Hollie | SI-BONE | SI-BONE

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Hollie Johnson photos

Hollie's Story

Stourbridge, West Midlands
Back Story
SI Joint Trauma
iFuse Implant Procedure Date
July 2017
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My problems began in January 2011 when I had an accident while travelling in South Africa. I was on a sabbatical from my job as a beautician on a cruise ship line. I slipped and fell in the apartment where I was staying. I hit my back and bottom on the corner of a wall. I landed on the floor on my back. Shortly after that, I left to come home. I didn’t have any signs of any permanent damage. I was a bit shaken at the time, but I didn’t think much of it. I got on a flight and carried my own suitcases. At the time it felt a bit sore. I thought maybe I had pulled a muscle.

In June 2011, my life totally changed. I was in bed asleep on my stomach, and I woke up with the most extreme stabbing pain like a hot knife going through my skin into my back, to the same area of my left buttock where I hit the wall. I managed to roll over; I tried to sit up in bed, but I couldn’t. I was very scared because I was there alone. I couldn’t put my left leg to the floor at all and when I tried, the pain shot up from my pelvis. I called 111, and was advised I must have pulled a muscle, and told to rest and take some Ibuprofen. I tried to return to work after a few days but sitting down was excruciating.

I began an all-consuming, six-year quest for a treatment that would get my health back to normal. I started off with advice from my GP to rest and use ice, and then heat packs, paracetamol, and Ibuprofen. That didn’t work and I went onto codeine. When that didn’t relieve the pain, I started on strong opiate drugs like tramadol and morphine: Oramorph and Zomorph. I was taking gabapentin and Lyrica to treat nerve pain. I went to see a physical therapist who gave me graded exercise therapy, involving stretching bands. I had already been told I have a condition called Ehlers-Danlos syndrome, which is a disorder of the connective tissues. It means that my joints are more flexible than normal, so I found the exercises easy to do, but they did nothing to relieve my pain. I didn’t have a life. The pain was unbearable. I couldn’t sleep, I couldn’t drive, and I walked on crutches. I couldn’t go out and see friends.

I saw a lot of consultants during those years, and they tried lots of ways to treat me. These included injections into my piriformis muscle, and a caudal epidural steroid injection into my lower spine to reduce pain and inflammation. I also had some denervation treatment to deaden the nerves – but it didn’t help me. Initially, it did work a little, but the nerves grew back, and it wasn’t very effective.

I discovered what was wrong due to a conversation I had with one of my physios who said I had a condition similar to Piriformis Syndrome, which is where the sciatic nerve is compressed by the Piriformis muscle, causing buttock pain. It’s usually a runner’s problem, but it can also be secondary to sacroiliac joint dysfunction. I started looking into what the sacroiliac joint was and researching it myself.

"My SI joint implants changed my life for the better."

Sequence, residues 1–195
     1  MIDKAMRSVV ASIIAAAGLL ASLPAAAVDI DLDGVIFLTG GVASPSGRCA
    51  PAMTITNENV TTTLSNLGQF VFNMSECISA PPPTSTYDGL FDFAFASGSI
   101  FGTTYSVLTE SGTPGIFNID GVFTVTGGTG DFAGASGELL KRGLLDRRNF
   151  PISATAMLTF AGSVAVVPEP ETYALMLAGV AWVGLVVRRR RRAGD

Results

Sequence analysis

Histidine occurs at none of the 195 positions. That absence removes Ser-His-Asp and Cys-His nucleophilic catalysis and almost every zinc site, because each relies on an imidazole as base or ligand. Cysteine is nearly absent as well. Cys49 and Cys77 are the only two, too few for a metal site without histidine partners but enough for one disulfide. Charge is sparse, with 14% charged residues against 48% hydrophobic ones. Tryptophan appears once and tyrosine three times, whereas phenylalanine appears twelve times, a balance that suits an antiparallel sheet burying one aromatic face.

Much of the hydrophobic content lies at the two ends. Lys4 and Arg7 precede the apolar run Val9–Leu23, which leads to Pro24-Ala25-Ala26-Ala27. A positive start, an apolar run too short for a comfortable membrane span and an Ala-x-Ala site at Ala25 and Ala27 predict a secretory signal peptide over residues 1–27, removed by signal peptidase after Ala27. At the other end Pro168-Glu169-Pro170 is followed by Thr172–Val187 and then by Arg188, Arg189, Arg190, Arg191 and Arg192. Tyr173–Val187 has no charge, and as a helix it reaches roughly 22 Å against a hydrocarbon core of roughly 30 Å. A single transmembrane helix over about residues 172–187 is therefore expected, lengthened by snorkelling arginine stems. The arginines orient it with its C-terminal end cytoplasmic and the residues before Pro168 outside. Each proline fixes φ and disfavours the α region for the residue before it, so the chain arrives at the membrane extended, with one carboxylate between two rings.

I found a surgeon who was an expert in SI joint dysfunction and went to see him privately. He gave me an injection in the SI Joint itself with some steroids and local anesthetic. As soon as that anesthetic went in, it was total bliss, all the pain had gone. He diagnosed me with SI joint dysfunction based on my response to the injection and the way I sat in his office on my right hip bone, unable to put weight on the left buttock.

I went back to the GP with the diagnosis and quickly started researching a permanent treatment on the NHS. Eventually, I found the name of a surgeon who offered surgery in England on the NHS. I met with her in in January 2017. She did an MRI scan to check my SI joint and rule out other possible causes and she cleared me for SI joint surgery. My surgery took place in July 2017.

I remember going in at 12 pm and coming around and having my tea at 4.30pm. I immediately felt bloody amazing! Which is an odd thing to say when you’ve just had an operation, but straight away, I knew. It was weird that I wasn’t in pain. I was sitting up in bed on two bottom cheeks, normally, and I didn’t feel any pain at all. Pain had become my norm, to not feel it there, I can only liken it to what euphoria could feel like. I have learned what’s important in life. I have learned that you need to be your own advocate and never stop fighting or give up on your health.

The SI Buddy® program is reserved for patients who have been diagnosed by a trained surgeon and recommended for the iFuse procedure. SI Buddy volunteers have been successfully treated with the iFuse Implant System®. Although many patients have benefited from treatment with the iFuse Implant System, patients' results may vary. SI Buddies are not medical professionals and their statements should not be interpreted as medical advice.

The iFuse Implant System® is intended for sacroiliac joint fusion including use in high and low energy fractures of the pelvic ring.

There are potential risks associated with the iFuse Implant System. It may not be appropriate for all patients and all patients may not benefit. For information about the risks, talk to your doctor and visit: Risks page. Rx Only.

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